(Folch 1992 and references therein)
- Folch, A. 1992. Family Struthionidae (Ostrich). Pp. 76-83 in: del Hoyo, J., Elliott, A., and Sargatal, J., eds. Handbook of the Birds of the World. Volume 1. Ostrich to Ducks. Lynx Edicions, Barcelona.
Molecular Biology and Genetics
Statistics of barcoding coverage
Specimens with Sequences:11
Specimens with Barcodes:8
Species With Barcodes:1
Species[edit source | edit]
There are ten known species from this genus, of which eight are extinct. There are five more possible species of which trace fossils have been found. They are:
- †Struthio coppensi (Early Miocene of Elizabethfeld, Namibia)
- †Struthio linxiaensis (Liushu Late Miocene of Yangwapuzijifang, China)
- †Struthio orlovi (Late Miocene of Moldavia)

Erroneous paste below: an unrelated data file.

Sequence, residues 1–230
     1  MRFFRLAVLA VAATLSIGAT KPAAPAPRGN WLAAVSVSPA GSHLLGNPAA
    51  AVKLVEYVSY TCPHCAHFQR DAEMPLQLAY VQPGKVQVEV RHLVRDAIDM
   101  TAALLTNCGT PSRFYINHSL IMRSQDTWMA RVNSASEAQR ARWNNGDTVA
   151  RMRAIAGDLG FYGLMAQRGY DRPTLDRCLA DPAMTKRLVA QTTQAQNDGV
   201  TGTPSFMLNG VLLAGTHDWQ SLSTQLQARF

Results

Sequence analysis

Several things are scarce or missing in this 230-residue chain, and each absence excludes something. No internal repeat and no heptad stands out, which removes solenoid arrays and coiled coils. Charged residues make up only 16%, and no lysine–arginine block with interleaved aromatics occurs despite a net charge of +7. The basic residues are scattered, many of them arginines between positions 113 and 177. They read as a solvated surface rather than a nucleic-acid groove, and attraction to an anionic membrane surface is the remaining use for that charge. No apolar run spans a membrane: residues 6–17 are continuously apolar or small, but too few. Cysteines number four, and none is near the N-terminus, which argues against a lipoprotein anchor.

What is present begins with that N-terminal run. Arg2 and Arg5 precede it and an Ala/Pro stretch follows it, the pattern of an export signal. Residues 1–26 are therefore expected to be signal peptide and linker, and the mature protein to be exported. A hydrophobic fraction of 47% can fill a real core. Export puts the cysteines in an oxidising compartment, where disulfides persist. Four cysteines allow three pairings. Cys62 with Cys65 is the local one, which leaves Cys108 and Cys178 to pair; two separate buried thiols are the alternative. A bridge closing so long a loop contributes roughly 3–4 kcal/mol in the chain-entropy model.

- †Struthio karingarabensis (Late Miocene - Early Pliocene of SW and CE Africa) - oospecies(?)
- †Struthio kakesiensis (Laetolil Early Pliocene of Laetoli, Tanzania) - oospecies
- †Struthio wimani (Early Pliocene of China and Mongolia)
- †Struthio daberasensis (Early - Middle Pliocene of Namibia) - oospecies
- †Struthio brachydactylus (Pliocene of Ukraine)
- †Struthio chersonensis (Pliocene of SE Europe to WC Asia) - oospecies
- †Struthio asiaticus, Asian Ostrich (Early Pliocene - Late Pleistocene of Central Asia to China ?and Morocco)
- †Struthio dmanisensis, Giant Ostrich (Late Pliocene/Early Pleistocene of Dmanisi, Georgia)
- †Struthio oldawayi (Early Pleistocene of Tanzania) - probably subspecies of S. camelus
- †Struthio anderssoni - oospecies(?)
- Struthio camelus, Common Ostrich
- Struthio camelus molybdophanes, Somali Ostrich